Since today is National Coming Out Day, I’d like to talk about coming out, sexual identity, and labels. Often in the m/m world, we think in broad strokes: gay characters, gay romances. While some readers are quite vocal about the fact that they don’t like to see their favorite m/m character involved with a woman – even if the encounter only reinforces the man’s love for other men – in real life sexual identity can be much less easy to define.
One of the most frequent questions I get about my first novel, The Hollywood Version, is whether the book is a coming out story or a gay-for-you story. The main character, Mark, is married to a woman but deeply in denial about his feelings for his male best friend. At the end of the book, Mark ends up with a man. (That’s not a spoiler! This is m/m, after all!) For many readers this ending means Mark has finally recognized his homosexuality and won’t go back to women. Others disagree and read Mark as “gay for” the man he ends up with, since after all Mark’s never labeled himself as gay and it’s undeniable he’s been attracted to women before. (Surprisingly few people have declared Mark bisexual.)
The idea of being “gay for” someone is contested, of course. Some feel a more appropriate label might be “out for you,” since it’s not about someone making a character gay (you can’t catch it from a handshake) and more about a character’s willingness to admit certain things to himself and to the rest of the world.
While I can understand the curiosity of romance readers to pin down the genre of a story, in real life figuring out sexual identity isn’t always so easy. Consider these examples from among my friends:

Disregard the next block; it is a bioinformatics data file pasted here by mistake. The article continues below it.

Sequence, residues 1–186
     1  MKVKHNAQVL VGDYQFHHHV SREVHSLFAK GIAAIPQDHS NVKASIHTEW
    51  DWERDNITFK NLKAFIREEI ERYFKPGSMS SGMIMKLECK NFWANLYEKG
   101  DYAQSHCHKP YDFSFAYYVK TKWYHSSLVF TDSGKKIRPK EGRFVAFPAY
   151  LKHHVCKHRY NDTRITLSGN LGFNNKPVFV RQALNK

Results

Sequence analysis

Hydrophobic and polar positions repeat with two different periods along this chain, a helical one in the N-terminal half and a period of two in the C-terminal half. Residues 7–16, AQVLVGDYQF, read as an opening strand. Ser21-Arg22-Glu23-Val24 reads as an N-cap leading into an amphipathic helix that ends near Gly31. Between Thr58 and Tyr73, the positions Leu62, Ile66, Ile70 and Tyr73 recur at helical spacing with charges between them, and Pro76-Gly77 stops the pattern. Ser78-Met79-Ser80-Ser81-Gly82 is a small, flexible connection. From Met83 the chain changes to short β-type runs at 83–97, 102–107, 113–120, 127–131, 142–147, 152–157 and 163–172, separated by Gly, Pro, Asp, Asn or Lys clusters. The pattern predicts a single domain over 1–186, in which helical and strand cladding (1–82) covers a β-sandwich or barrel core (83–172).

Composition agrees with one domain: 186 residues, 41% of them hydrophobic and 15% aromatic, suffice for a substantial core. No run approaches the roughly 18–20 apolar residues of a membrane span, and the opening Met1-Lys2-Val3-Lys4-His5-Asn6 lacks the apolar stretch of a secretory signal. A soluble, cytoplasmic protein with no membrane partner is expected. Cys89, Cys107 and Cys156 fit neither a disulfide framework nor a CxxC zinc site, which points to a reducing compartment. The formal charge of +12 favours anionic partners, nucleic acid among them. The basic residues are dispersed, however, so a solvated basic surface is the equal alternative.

- A woman who identifies as a lesbian, although she’s only had sex with men for the past few years, because she imagines settling down to have children with a female partner.
- A man who identifies as queer and is currently dating a woman. For him it’s a combination of factors that led to his identity: he’s been in relationships with other men, and he doesn’t believe in marriage as a socio-economic institution.
I believe everyone has the right to decide his or her own label, no matter how seemingly incongruous it might be with what the rest of us perceive. As important as these labels are (after all, they help us figure out who to flirt with!), sexuality is fluid, and we’d be foolish to deny it.
But how does that play out in m/m romance novels? I’m currently writing a book about three men who meet at bisexual speed dating. There’s Drew, who is proud to say he sleeps with both men and women but won’t date anyone; Henry, who’s recently divorced from a woman and has a history of swinging; a third character, who’s only ever been with men. The guys have some work to do reconciling their self-described identities with each other’s expectations.
Let’s get back to Mark for a second. Mark spent his whole life thinking he was straight, although his experiences and feelings didn’t necessarily match that identity. I deliberately left the question of what Mark calls himself open at the end of the novel. If you asked him then, in January of 2011, he’d probably say he just happened to be in love with a guy. In the sequel, which takes place starting a year and a half later, Mark has had time to adjust. He now accepts that he’s attracted to a variety of men (don’t worry, he doesn’t act on it!). If you asked him today, he’d probably say he was gay. Not bisexual, although he was married to a woman, because Mark doesn’t understand the world in gray terms. He’s having fun participating in gay male culture in all its glory, and he can’t imagine ever being with a woman again.
Sexuality encompasses a broad spectrum. We’re attracted to a variety of people for a variety of reasons, and often whether we act on those attractions or use them to label ourselves is often shaped by cultural and political pressures as much as biology. I’d love to see more m/m stories and characters who reflect how complicated sexuality and sexual identity labels can be.
So, what do you think about the role of sexual identity in m/m romance? How do your favorite characters add up? Leave a comment for a chance to win a copy of The Hollywood Version. Winner will be chosen at random on Oct 19th and notified via email. For more information and weekly free fiction, be sure to check out my blog.